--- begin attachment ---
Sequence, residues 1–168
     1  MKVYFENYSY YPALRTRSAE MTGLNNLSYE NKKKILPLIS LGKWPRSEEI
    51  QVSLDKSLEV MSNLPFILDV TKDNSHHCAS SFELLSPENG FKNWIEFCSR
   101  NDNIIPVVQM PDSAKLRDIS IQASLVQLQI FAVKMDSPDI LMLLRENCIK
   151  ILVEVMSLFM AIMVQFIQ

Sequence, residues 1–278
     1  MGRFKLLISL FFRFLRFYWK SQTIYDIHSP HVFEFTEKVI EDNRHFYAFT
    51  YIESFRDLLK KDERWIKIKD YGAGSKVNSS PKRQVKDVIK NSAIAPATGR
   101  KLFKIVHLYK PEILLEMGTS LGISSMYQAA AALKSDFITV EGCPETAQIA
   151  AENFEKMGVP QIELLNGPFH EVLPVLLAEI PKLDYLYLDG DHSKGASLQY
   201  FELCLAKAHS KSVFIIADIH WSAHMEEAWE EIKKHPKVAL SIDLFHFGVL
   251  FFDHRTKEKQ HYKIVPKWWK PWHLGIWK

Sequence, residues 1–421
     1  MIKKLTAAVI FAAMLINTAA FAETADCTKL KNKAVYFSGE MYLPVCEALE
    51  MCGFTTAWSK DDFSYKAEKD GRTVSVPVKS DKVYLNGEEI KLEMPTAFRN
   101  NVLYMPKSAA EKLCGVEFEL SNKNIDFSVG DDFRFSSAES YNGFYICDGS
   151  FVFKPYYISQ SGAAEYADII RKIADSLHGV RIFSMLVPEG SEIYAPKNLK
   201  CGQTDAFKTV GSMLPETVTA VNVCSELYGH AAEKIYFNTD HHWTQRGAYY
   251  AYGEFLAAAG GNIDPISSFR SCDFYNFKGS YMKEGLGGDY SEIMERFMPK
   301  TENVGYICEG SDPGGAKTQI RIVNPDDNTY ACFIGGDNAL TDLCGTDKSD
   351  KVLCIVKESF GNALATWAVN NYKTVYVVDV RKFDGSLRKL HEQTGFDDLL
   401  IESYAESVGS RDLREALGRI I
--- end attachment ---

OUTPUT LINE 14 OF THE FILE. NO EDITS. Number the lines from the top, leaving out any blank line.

     1  MIKKLTAAVI FAAMLINTAA FAETADCTKL KNKAVYFSGE MYLPVCEALE